First it was Air Europa. Then Iberia, Lufthansa, Air France, Avianca (Colombia), Tame (Ecuador), Air Canada, Aerolíneas Argentinas, TAP (Portugal), COPA (Panama), American and United. One after the other, the airlines lined up to announce they will no longer sell tickets in bolivars, as the government is now $2.8 billion in arrears in settling its Forex obligations to them.
This write-up in La Voz de Galicia (insert favorite gallego joke here) is eye-opening in all kinds of ways. At this point, bolivar-holders are basically cut off from the rest of the world via air. Even if you have dollars, you can’t get a one way CCS-MIA ticket for less than $1,800. (Bizarrely, MIA-CCS tickets cost a sixth as much.) It’s crazy.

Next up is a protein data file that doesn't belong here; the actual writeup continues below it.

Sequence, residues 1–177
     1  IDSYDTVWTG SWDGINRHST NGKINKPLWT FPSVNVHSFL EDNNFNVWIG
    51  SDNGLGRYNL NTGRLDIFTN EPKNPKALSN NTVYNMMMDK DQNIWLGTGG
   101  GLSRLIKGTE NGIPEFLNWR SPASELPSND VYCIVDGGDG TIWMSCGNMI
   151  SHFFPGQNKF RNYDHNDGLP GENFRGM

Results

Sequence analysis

Of course the airlines are only the most literal aspect of our dollar-drought driven disconnect. In a port economy that had already been hollowed out by a generation’s worth of Dutch Disease even before chavismo came to power, it’s no surprise virtually that no sector can really operate without supplier credit from foreign partners.
Even the products that we do produce face dollar bottlenecks somewhere along the supply chain. Take cheese. We certainly do produce that. But we don’t produce the packaging it goes into. No dollars, no package; no package, no cheese.
Take that story, multiply it by a thousand, and you have an idea of what the Venezuelan economy looks like at the start of 2014.
When you just plain stop paying the bankers, everyone screams “default” and freaks out. But, for some reason, when you just plain stop paying the suppliers, it’s a human interest story.